Thursday, August 17, 2006

Cross Motions for Summary Judgment Did Not Create a “Bench Trial” in District Court, Seventh Circuit Holds in Determining Appropriate Standard of Revi

Per In re United Air Lines, Inc., 453 F.3d 463 (7th Cir. July 6, 2006):

The next matter to address is the standard of appellate review, a point raised at oral argument. To do so, we must determine if we are confronting a question of law or fact or some mixture thereof. Some Colorado appellate opinions, as discussed at oral argument, have treated contract-severability rulings as questions of fact, reviewing those rulings in a manner akin to the federal clearly-erroneous standard. See John v. United Adver., Inc., 165 Colo. 193 (1968); Peterson v. Colo. Potato Flake & Mfg. Co., 164 Colo. 304 (1967); L.U. Cattle Co. v. Wilson, 714 P.2d 1344, 1346, 1349 (Colo. Ct. App. 1986). However, those opinions were reviewing bench trials in which the severability dispute turned on the trial court's factual findings. By contrast, when trial courts in Colorado have made severability rulings without the need of factual findings (e.g., based upon the face of the contract, at the summary judgment stage), Colorado appellate opinions have reviewed those determinations as questions of law, subject to independent appellate review. See Univex Int'l, Inc. v. Orix Credit Alliance, Inc., 914 P.2d 1355, 1356, 1357 (Colo.1996) (reviewing a summary judgment decision, interpreting the language of the disputed contract, and ruling that, by its language, the contract could not be severed as a matter of law)….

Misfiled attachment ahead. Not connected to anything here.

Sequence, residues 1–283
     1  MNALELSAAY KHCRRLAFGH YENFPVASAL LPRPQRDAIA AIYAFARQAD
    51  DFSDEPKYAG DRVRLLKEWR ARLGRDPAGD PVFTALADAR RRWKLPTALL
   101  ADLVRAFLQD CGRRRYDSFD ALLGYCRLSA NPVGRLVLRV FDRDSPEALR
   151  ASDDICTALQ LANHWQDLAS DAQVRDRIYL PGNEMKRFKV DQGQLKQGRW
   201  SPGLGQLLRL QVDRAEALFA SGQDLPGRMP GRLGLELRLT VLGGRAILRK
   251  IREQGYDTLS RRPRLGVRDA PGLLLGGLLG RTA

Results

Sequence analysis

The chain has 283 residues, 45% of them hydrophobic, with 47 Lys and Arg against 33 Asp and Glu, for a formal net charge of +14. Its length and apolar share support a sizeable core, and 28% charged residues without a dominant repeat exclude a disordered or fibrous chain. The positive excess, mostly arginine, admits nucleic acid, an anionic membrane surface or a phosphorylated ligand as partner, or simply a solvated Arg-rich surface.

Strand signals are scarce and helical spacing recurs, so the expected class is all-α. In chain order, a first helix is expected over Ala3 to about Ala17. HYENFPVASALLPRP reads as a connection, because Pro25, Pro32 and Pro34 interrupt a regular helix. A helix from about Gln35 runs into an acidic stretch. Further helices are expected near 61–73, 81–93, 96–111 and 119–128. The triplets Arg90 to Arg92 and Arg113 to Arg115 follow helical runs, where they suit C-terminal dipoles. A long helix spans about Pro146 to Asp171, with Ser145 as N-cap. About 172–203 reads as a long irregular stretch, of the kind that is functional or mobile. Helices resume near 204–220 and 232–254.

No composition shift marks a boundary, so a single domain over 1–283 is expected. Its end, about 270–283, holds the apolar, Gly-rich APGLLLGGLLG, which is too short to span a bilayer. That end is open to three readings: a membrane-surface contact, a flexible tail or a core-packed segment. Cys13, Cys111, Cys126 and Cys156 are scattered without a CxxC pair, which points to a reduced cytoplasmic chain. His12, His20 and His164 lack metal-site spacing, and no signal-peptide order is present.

In this case, the trial court is the bankruptcy court, and it did not conduct a bench trial. Rather, the bankruptcy court's severability ruling was made at the summary judgment stage. It is true that the bankruptcy court faced cross motions for summary judgment, and it is also true that, under certain, rare circumstances, cross summary judgment motions can be converted into a bench-trial-like situation. See Betaco, Inc. v. Cessna Aircraft Co., 32 F.3d 1126, 1131-32 (7th Cir.1994). However, that did not happen here. The bankruptcy court's severability ruling was a purely legal ruling and was not based upon any factual findings. Thus, consistent with Colorado law, we review that ruling as a question of law. Handling that question of law, moreover, is a federal law concern; while state law controls the substance of the appeal, federal law supplies the standard of appellate review. See In re Kmart Corp., 434 F.3d 536, 541 (7th Cir.2006) (citing Mayer v. Gary Partners & Co., 29 F.3d 330, 332-35 (7th Cir.1994)); In re Abbott Labs. Derivative S'holders Litig., 325 F.3d 795, 803 (7th Cir.2003); Myers v. County of Lake, 30 F.3d 847, 851 (7th Cir.1994). Accordingly, our review of the bankruptcy court's decision here is the customary federal summary judgment standard: de novo review. See In re United Air Lines, Inc., 438 F.3d 720, 727 (7th Cir.2006).


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